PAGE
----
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At least 35 killed in Somalia violence: witnesses
MOGADISHU, Somalia, 8 May 2008 - At least 35 people were killed in Somalia in in separate clashes between Ethiopian troops and Islamist insurgents, witnesses and officials said Thursday.
Some 23 were killed late Wednesday near the village of Garsani, some 300 kilometres (180 miles) north of Mogadishu, when insurgents ambushed an Ethiopian military convoy.
Several witnesses said at least 13 civilians and eight Ethiopian soldiers had been killed in the fighting, while the insurgents admitted to losing two fighters in the battle.
"The fighting was so heavy and our holy warriors with the help of Allah won a huge victory," Sheikh Abdirahin Ise, an Islamist spokesman told AFP.
"In return they (Ethiopians) killed pastoralists who were near the fighting zone," he added.
"I have counted bodies of 13 civilians, including four children," said Ibrahim Adan Moalim, a local resident.
Ethiopian forces late Wednesday killed at least 12 nomads in Walaweyne, about 90 kilometres (55 miles) east of Mogadishu, bringing the death toll to 35.
"Those nomads were setting up their makeshift camp in Almore village when they were killed by Ethiopia forces who had been ambushed by insurgents on a nearby road," Sheikh Mohamed Addow, another elder.
"The Ethiopians slit throats of some people," he added.
Another elder, Ali Omar confirmed the death toll said the bodies were being prepared for burial.
"So far, the team has collected 12 bodies that are now in the Yakbiriweyne mosque. We will bury them in a mass grave," he told AFP.
Islamists insurgents confirmed they had ambushed the Ethiopians.
"Our forces ambushed the Ethiopian enemies and destroyed three vehicles in Walaweyne. I cannot confirm the exact number of Ethiopians killed, but they suffered heavy casualties.
"The Ethiopian forces will not use the roads in our country peaceful. They will take the pain of the bullets of our mujahideens," said Islamists spokesman Sheikh Mukhtar Robow.
The Islamists promised to avenge the killing of Hashi Aden Ayro -- a senior Islamist leader accused of being Al-Qaeda's pointman in Somalia -- in a US airstrike last week.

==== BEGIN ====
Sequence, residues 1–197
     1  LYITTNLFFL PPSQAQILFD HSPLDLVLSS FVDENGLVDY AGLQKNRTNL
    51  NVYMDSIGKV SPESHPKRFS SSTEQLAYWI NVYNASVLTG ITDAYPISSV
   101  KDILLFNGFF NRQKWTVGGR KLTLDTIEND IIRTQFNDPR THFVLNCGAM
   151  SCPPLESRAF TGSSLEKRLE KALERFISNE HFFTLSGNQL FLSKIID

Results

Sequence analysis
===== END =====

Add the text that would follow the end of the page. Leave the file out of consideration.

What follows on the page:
Ethiopian troops entered Somalia in late 2006 to rescue an embattled transitional government and defeated an Islamist militia which had taken control of large parts of Somalia.
The remnants of the militia have since waged a deadly guerrilla battle against government forces, its Ethiopian allies and African Union peacekeepers, mainly in Mogadishu.
On Tuesday, Amnesty International accused the Ethiopian forces of increasing resorting to throat-slitting executions in their crackdown on Islamists rebels.
Separately, a truck driver contracted by the World Food Programme was shot dead in central Somalia late Wednesday by a gunman who opened fire at a convoy of trucks ferrying food.
"We condemn this senseless killing and once again urge all parties to ensure the safe passage of humanitarian staff and cargo across the country," Peter Goossens, WFP's director for Somalia said in a statement.
The driver was the second to be killed since February, when militiamen shot dead the leader of a convoy of WFP-contracted trucks in southern Somalia.
A seemingly endless violence in the country has disrupted delivery of aid to hundreds of thousands of civilians uprooted from their homes across the country.
Humanitarian groups are struggling to feed at least two million people in Somalia, which is experiencing a prolonged drought and record high inflation that touched off two days of rioting in the capital this week.
The shattered African nation has been wracked by violence since the 1991 ouster of dictator Mohamed Siad Barre led to a bloody power struggle that has defied numerous bids to restore normalcy.